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conflict and negotiation

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ORGANISATION BEHAVIOR CHAPTER14 CNOFLICT AND NEGOTIATION

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  • Hello, I'm looking to locate an original source for the claim on slide 20 that "disagreeable introverts are best" (at distributive bargaining). Can you provide me with the source? Many thanks.
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conflict and negotiation

  1. 1. Robbins, Judge, and VohraOrganizational Behavior14th Edition Conflict and Negotiation Conflict and Negotiation Kelli J. Schutte William Jewell CollegeCopyright © 2012 Dorling Kindersley (India) Pvt. LtdAuthorized adaptation from the United States edition of Organizational 14-1Behavior, 14e
  2. 2. Chapter Learning Objectives Chapter Learning Objectives After studying this chapter, you should be able to: – Define conflict. – Differentiate between the traditional, resolution focused, and interactionist views of conflict. – Outline the conflict process. – Define negotiation. – Contrast distributive and integrative bargaining. – Apply the five steps in the negotiation process. – Show how individual differences influence negotiations. – Assess the roles and functions of third-party negotiations. – Describe cultural differences in negotiations.Copyright © 2012 Dorling Kindersley (India) Pvt. LtdAuthorized adaptation from the United States edition of Organizational 14-2Behavior, 14e
  3. 3. Conflict Defined Conflict Defined A process that begins when one party perceives that another party has negatively affected, or is about to negatively affect, something that the first party cares about – That point in an ongoing activity when an interaction “crosses over” to become an interparty conflict Encompasses a wide range of conflicts that people experience in organizations – Incompatibility of goals – Differences over interpretations of facts – Disagreements based on behavioral expectationsCopyright © 2012 Dorling Kindersley (India) Pvt. LtdAuthorized adaptation from the United States edition of Organizational 14-3Behavior, 14e
  4. 4. Transitions in Conflict ThoughtTransitions in Conflict Thought THE TRADITIONAL VIEW OF CONFLICT THE INTERACTIONIST VIEW OF CONFLICT MANAGED CONFLICT VIEWCopyright © 2011 Pearson Education, Inc. publishing as Prentice Hall 14-4
  5. 5.  THE TRADITIONAL VIEW OF CONFLICTThe belief that all conflict is harmful and must be avoided Conflict was bad and to be avoided it was viewed negatively and discussed with such terms as VIOLENCE,DESTRUCTION and IRRATIONALITY to reinforce its negative connotationCopyright © 2011 Pearson Education, Inc. publishing as Prentice Hall 14-5
  6. 6.  THE INTERACTIONIST VIEW OF CONFLICT the belief that conflict is not only a positive force ina group but also an absolute necessity for a group to perform effictively It encourages conflict on the grounds that a harmonious peaceful,tranquil,and cooperative group is porne to becoming,apathetic,and unresposive to needs for change and innovation. functional conflict dysfunctional conflictCopyright © 2011 Pearson Education, Inc. publishing as Prentice Hall 14-6
  7. 7. Forms of Interactionist Conflict Forms of Interactionist ConflictCopyright © 2012 Dorling Kindersley (India) Pvt. LtdAuthorized adaptation from the United States edition of Organizational 14-7Behavior, 14e
  8. 8. Types of Interactionist Conflict Types of Interactionist Conflict  Task Conflict – Conflicts over content and goals of the work – Low-to-moderate levels of this type are FUNCTIONAL  Relationship Conflict – Conflict based on interpersonal relationships – Almost always DYSFUNCTIONAL  Process Conflict – Conflict over how work gets done – Low levels of this type are FUNCTIONALCopyright © 2012 Dorling Kindersley (India) Pvt. LtdAuthorized adaptation from the United States edition of Organizational 14-8Behavior, 14e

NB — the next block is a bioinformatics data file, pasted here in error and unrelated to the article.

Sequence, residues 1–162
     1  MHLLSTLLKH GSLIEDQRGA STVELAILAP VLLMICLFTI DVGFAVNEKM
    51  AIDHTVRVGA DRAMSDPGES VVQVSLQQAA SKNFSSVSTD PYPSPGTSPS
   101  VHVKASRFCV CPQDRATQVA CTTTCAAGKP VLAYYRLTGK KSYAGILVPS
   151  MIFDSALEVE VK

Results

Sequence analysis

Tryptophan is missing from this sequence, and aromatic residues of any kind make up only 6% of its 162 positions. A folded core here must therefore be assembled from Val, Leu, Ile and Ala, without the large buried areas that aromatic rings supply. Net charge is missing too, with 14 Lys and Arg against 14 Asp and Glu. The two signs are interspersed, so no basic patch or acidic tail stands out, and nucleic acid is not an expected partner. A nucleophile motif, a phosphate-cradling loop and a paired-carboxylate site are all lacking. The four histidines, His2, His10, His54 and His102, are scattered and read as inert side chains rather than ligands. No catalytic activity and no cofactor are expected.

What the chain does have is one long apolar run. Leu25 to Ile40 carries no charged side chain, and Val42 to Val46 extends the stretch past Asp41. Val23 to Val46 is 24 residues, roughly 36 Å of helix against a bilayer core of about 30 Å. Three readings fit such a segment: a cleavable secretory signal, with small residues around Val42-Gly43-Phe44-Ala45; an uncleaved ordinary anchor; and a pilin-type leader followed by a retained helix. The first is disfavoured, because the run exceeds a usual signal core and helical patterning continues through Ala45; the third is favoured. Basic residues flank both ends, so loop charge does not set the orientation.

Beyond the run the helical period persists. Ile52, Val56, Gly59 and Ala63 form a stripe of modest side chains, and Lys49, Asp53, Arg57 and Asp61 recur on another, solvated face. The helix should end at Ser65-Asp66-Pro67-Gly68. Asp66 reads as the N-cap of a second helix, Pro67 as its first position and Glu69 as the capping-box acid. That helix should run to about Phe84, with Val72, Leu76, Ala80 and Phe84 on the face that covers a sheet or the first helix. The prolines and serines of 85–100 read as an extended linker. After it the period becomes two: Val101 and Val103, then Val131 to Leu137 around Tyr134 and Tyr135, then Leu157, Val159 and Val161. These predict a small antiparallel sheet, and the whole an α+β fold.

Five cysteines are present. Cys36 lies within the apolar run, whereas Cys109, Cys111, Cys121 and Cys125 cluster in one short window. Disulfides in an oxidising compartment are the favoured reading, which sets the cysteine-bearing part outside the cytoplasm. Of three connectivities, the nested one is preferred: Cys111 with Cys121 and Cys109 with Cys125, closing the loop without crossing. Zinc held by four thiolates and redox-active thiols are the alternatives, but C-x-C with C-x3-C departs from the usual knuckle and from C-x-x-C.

9. 9. The Conflict Process The Conflict Process We will focus on each step in a moment… E X H I B I T 14-1 E X H I B I T 14-1Copyright © 2012 Dorling Kindersley (India) Pvt. LtdAuthorized adaptation from the United States edition of Organizational 14-9Behavior, 14e
  10. 10. Copyright © 2011 Pearson Education, Inc. publishing as Prentice Hall 14-10
  11. 11. Stage I: Potential Opposition or IncompatibilityStage I: Potential Opposition or Incompatibility Communication – Semantic difficulties, misunderstandings, over communication and “noise” Structure – Size and specialization of jobs – Jurisdictional clarity/ambiguity – Member/goal incompatibility – Leadership styles (close or participative) – Reward systems (win-lose) – Dependence/interdependence of groups Personal Variables – Differing individual value systems – Personality typesCopyright © 2012 Dorling Kindersley (India) Pvt. LtdAuthorized adaptation from the United States edition of Organizational 14-11Behavior, 14e
  12. 12. Stage II: Cognition and Personalization Stage II: Cognition and Personalization Important stage for two reasons: 1. Conflict is defined • Perceived Conflict – Awareness by one or more parties of the existence of conditions that create opportunities for conflict to arise 2. Emotions are expressed that have a strong impact on the eventual outcome • Felt Conflict – Emotional involvement in a conflict creating anxiety, tenseness, frustration, or hostilityCopyright © 2012 Dorling Kindersley (India) Pvt. LtdAuthorized adaptation from the United States edition of Organizational 14-12Behavior, 14e
  13. 13. Stage III: Intentions Stage III: Intentions Intentions – Decisions to act in a given way – Note: behavior does not always accurately reflect intent Dimensions of conflict-handling intentions: – Cooperativeness • Attempting to satisfy the other party’s concerns – Assertiveness • Attempting to satisfy one’s own concernsSource: K. Thomas, “Conflict and Negotiation Processes in Organizations,” in M.D. Dunnette and L.M. Hough (eds.), Handbook of Industrial andOrganizational Psychology, 2nd ed., vol. 3 (Palo Alto, CA: Consulting Psychologists Press, 1992), p. 668. Arrows added. Used with permission. E X H I B I T 14-2 E X H I B I T 14-2Copyright © 2012 Dorling Kindersley (India) Pvt. LtdAuthorized adaptation from the United States edition of Organizational 14-13Behavior, 14e